San Diego Opera to shut its doors
The San Diego Opera will close following the last performance on April 13th, 2014. The closure of this venerable institution after 49 years was decided by a vote of the Board Members, 33 to 1. According to the General Director, Ian Campbell, the closure was necessary to keep the company from going into possible bankruptcy next season. I implore you to look into this.
It is our understanding that the company has no debt. If that is the case, the company could have at least tried to rework their financials. There are alternatives: renegotiate contracts with employees, do fewer productions, cut back expenses, seek new leadership, etc. None of these ideas were even considered with respect to any of the employees that have worked so many years with the San Diego Opera.
Only one round of voting decided to shut this marvelous company down. There are upwards of 400 people being affected by this decision, which include a combination of full-time staff, scenic studios staff, chorus, principal and supporting artists, directors, conductors, designers, productions staff, stagehands, wardrobe, wig and makeup, San Diego Symphony players and others. This doesn’t even include the local businesses, the Civic Theater and its employees, vendors such as music stores, voice teachers, etc. In addition, San Diego Opera offers educational outreach to thousands of students in our schools — both through attending operas, and through having musicians visit their school. San Diego would also be losing one of the top 10 opera companies in the country, a company we are all so proud of.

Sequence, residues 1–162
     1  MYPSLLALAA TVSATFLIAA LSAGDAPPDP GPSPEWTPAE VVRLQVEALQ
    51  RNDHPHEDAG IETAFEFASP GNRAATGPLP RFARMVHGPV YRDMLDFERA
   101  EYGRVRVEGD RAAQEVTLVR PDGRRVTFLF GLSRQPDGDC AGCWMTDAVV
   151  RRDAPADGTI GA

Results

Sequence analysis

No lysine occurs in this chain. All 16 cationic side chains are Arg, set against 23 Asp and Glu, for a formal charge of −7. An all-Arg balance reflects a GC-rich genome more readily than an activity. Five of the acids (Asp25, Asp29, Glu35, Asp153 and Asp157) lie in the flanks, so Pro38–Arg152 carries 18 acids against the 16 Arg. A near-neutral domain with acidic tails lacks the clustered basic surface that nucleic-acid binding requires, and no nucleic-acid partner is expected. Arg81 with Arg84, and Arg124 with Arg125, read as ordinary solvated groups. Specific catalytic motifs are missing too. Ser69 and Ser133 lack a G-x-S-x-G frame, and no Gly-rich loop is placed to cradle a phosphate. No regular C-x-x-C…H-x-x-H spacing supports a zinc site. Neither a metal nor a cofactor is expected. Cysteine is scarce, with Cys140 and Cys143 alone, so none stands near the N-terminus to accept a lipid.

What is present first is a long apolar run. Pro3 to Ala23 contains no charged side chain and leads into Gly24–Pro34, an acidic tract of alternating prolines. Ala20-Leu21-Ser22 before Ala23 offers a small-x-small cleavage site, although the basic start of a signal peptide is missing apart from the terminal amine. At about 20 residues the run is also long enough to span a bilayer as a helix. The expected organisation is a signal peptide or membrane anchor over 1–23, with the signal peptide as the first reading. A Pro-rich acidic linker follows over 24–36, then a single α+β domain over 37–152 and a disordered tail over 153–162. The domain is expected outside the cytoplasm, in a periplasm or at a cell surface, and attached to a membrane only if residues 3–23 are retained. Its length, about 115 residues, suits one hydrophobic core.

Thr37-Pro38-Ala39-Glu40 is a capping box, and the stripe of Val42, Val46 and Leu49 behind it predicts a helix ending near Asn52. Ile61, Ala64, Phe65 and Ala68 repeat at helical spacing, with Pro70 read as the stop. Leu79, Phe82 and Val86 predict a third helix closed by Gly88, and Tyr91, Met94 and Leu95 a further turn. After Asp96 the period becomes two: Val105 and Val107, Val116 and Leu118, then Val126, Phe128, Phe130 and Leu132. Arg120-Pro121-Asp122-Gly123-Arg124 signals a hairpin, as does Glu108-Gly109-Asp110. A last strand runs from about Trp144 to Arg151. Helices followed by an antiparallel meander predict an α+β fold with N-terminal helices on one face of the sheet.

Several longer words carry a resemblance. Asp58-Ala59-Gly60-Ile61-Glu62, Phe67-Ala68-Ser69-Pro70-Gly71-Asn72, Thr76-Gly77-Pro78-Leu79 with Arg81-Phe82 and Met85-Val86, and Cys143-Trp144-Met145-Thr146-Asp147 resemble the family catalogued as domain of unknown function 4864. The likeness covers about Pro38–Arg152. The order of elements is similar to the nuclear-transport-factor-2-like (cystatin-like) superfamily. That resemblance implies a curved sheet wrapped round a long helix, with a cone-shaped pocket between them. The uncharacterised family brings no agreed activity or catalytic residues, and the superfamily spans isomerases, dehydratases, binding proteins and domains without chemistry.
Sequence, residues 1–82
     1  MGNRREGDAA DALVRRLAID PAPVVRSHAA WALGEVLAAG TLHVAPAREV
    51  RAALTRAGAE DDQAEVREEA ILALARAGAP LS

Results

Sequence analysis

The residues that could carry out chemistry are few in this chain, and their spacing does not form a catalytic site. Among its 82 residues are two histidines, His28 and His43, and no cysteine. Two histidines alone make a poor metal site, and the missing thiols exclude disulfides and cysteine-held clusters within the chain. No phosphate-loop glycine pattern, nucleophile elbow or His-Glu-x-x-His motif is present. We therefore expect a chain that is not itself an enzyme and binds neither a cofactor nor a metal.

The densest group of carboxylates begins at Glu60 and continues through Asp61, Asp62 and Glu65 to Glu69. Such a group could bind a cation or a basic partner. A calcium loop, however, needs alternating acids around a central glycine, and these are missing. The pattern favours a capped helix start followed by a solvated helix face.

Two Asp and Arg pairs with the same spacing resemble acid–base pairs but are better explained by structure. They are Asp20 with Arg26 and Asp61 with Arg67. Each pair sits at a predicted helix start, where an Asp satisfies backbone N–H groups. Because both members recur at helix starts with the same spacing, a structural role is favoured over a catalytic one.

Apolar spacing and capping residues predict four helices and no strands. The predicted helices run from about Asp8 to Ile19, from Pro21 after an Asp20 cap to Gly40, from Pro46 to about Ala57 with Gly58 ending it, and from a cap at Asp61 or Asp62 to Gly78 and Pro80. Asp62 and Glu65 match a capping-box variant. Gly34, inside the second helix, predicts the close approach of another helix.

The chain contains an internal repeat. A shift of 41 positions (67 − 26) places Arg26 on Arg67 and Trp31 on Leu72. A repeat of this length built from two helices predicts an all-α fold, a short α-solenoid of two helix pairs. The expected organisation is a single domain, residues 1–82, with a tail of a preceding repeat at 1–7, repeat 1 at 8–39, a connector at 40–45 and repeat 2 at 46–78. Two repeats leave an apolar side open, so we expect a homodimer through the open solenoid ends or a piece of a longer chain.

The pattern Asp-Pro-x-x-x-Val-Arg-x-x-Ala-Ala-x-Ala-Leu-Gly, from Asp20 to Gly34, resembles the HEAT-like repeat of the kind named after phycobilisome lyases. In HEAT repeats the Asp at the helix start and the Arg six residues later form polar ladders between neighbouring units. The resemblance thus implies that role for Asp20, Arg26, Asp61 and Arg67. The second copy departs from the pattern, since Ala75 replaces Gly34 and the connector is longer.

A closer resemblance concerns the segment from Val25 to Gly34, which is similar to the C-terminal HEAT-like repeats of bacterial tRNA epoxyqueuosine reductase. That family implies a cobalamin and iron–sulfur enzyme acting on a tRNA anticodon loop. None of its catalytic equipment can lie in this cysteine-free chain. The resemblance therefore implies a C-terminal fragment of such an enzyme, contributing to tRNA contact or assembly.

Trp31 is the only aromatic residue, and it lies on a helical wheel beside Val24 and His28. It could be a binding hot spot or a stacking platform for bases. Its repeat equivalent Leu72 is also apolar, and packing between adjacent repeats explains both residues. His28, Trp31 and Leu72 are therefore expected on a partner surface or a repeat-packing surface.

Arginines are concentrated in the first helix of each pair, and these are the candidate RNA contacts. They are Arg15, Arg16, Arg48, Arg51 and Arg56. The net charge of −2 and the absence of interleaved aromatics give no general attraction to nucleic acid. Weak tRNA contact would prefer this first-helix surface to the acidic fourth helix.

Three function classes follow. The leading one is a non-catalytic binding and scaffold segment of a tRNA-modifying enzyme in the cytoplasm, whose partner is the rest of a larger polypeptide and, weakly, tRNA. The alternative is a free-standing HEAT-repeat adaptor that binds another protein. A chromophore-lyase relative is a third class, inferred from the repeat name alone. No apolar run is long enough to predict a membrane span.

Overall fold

It is our fear that if the receivership is allowed to continue at this extremely fast pace, the assets of the company will be lost with no hope of rebuilding. The loss of this institution to San Diego is incalculable, not only to its patrons and its employees, but to the greater community of San Diego.
We ask that this situation be brought to the attention of the City Council and hope that you will join us in trying to keep this company moving forward. We are also asking that you go to thepetitionsite.com/827/516/648/save-san-diego-opera/ and join us by signing our petition to SAVE SAN DIEGO OPERA.
WE MAKE MUSIC WORTH SAVING.
—A group of concerned patrons (via email)
University Heights boundaries
I read with interest your article in the March 14 – 27th issue of the “Uptown News” [See “University Heights Community Organizations” Vol. 6 Issue 6]. The expanded blue area of the University Heights “sphere of interest” is troubling to me. I live just one block west of Texas Street and block south of Howard Avenue. The only purpose I can see for the [University Heights Community Association’s] territorial expansion is to add some critical mass to the influence of a small group of business people might have when asking for government “favors.”
My wife and I bought our condominium because it was in North Park. I do not want to be moved out of North Park.